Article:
Fall Color

Asters (Asteraceae)
Perennial. Asters come in a variety of colors and heights, and can provide a late-season source of pollen for bees and other pollinators. Plant in full sun. USDA All Zones.

 

Chrysanthemums
Perennial. Varieties can be daisy-like, pompons, spoons, singles, decorative, anemones and standard. Flowers range in colors from white, off-white, yellow, gold, bronze, red, burgundy, pink, lavender and purple. Plant in full sun. USDA Zones 3-9 , hardiness varies with cultivar.

Pansies (Viola tricolor)
Annual. Pansies come in a wide range of colors and are a perfect flower for the winter landscape. This plant is durable and winter-hardy. Plant in full sun or partial shade. USDA Zones 4-8.

Russian Sage (Perovskia atriplicifolia)
Herbaceous Perennial. Woody multi-stemmed plant 3 to 4 foot tall with silver-grayish leaves. Small tubular flowers bloom on tall spires in blue or lavender. Drought tolerant. Plant in full sun, it likes heat! USDA All Zones.

Heavenly Bamboo (Nadina domestica)
Evergreen or semi-deciduous shrub. Leaves turn fiery crimson in the winter and has shiny red berries. Plant in sun or shade, but leaves color better in the sun. USDA Zones 4-10.


Witch Hazel (Corylopsis)
Deciduous shrub. For winter flowers, the Witch Hazel shrubs like those at the entrance to Lithia Park, put on a glorious display in Jan/Feb. Slow growing 8 to 20 feet tall, and as wide. Fragrant flowers bloom on bare branches. Flowers in yellow, bronze, orange, red-orange, copper-red or red. Plant in full sun or part shade, protect from wind. USDA Zones 4-8.

Burning Bush (Euonymus Alatus)
Deciduous shrub. Slow growing to 15 feet tall, and as wide; it can be pruned to be maintained as a shrub. Dwarf varieties grow 6 to 8 ft. Inconspicuous flowers in the spring. Leaves turn a brilliant flaming red in the fall. Plant in full sun. USDA Zone 4-9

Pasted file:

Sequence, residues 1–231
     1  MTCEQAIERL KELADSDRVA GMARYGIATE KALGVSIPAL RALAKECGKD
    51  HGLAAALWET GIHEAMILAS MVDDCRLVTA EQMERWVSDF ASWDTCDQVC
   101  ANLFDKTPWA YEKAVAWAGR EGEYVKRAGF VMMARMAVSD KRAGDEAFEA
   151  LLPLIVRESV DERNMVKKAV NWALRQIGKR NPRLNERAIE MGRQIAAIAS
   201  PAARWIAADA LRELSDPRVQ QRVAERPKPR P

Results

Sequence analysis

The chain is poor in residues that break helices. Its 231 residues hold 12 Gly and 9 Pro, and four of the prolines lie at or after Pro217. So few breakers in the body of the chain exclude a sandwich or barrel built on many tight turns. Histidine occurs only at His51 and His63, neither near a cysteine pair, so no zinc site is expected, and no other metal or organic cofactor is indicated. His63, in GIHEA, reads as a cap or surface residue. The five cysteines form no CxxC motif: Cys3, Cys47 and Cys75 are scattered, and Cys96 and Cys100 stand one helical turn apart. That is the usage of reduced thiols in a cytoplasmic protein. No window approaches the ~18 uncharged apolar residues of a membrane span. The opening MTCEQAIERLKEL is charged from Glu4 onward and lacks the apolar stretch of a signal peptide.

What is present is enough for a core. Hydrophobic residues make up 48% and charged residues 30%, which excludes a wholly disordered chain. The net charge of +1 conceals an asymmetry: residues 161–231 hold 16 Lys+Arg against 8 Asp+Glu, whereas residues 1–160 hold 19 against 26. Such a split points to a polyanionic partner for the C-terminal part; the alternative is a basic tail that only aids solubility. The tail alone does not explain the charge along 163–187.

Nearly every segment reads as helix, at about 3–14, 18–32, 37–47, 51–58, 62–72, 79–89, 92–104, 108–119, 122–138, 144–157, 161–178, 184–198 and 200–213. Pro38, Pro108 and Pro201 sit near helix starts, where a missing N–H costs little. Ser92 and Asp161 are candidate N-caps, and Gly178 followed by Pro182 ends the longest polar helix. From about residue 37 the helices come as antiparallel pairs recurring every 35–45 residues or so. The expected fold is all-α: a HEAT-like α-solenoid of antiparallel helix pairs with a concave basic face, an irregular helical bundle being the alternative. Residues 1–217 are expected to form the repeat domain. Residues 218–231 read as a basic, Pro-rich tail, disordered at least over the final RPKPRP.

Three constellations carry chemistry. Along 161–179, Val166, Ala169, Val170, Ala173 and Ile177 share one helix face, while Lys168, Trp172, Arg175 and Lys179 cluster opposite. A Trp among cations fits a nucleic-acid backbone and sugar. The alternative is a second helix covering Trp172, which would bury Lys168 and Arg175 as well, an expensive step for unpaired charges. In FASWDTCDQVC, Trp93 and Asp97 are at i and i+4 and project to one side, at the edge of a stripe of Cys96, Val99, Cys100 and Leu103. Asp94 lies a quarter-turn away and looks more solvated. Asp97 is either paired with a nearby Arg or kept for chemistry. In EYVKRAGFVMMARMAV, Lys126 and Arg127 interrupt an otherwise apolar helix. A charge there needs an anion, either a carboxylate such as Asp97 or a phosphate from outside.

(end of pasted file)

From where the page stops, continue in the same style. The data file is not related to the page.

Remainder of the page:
Japanese Barberry(Berberis thunbergii)
Deciduous shrub. Grows 4-6 feet tall with equal spread if not sheared. Flowers appear in May. Fruits are red oblong berries persisting on the plant into winter. Leaves turn attractive shades of red and orange in the fall. Plant in full sun. USDA Zones 4-8

Note: Japanese Barberry has been labeled an invasive species on the East Coast.
Please read the following for possible alternatives for Japanese Barberry:
http://perrysperennials.info/articles/barberry.html

Hypericum Mystical Orange (Hypericum inodorum)
Deciduous shrub. Grows multi-stemmed upright spreading branches. Height 3 feet. Produces bright yellow flowers early spring to mid-summer. Forms striking orange berries which last through the fall. The berries have become a mainstay in floral arrangements. Plant in full sun. USDA Zones 5-9.

Other Mystical series: Mystical Beauty™/ pink berries, Mystical Red Star™/red berries, Mystical Black™ / black berries.

Flowering Kale (Brassica oleracea)
Annual, cool season. Attractive ruffled foliage in variations of green & white, pinks, purples, and reds. Height 18 inches. Grows well in pots, group with other winter-hardy flowers. Plant in full sun or partial shade. USDA All zones.

Calendulas
Annual. Calendulas are a very prolific, easily grown flower. Also known as “Pot Marigolds”. They can provide blooms late in the fall and early winter.

Snapdragon are also an easy to grow annual, and while most varieties are early summer bloomers, they often bloom again in cooler fall weather and provide blooms into winter.

Hardy Cyclamen
Perennial. A showy small autumn flowering hardy type of Cyclamen
USDA zones 5-7.

Helleborus (Christmas Rose) is also winter bloomers. USDA zones 4-9.
Both Hardy Cyclamen and Helleborus prefer a shady spot in the garden.

Berried bushes make a splash of color when planted in pots and one that comes to mind is the Beautyberry (Callicarpa), although be aware it will out grow its pot quickly. Plant in full sun or partial sun. USDA zones 6-10.

There are more, but this should get you thinking about fall color and winter flowers!

Gena Goddard
Mary Ann Wallace
Horticulture Committee

For more winter flower suggestions read AGC Article, “Mid-Winter Madness” :
http://ashlandorgardenclub.org/2011/02/mid-winter-madness.html

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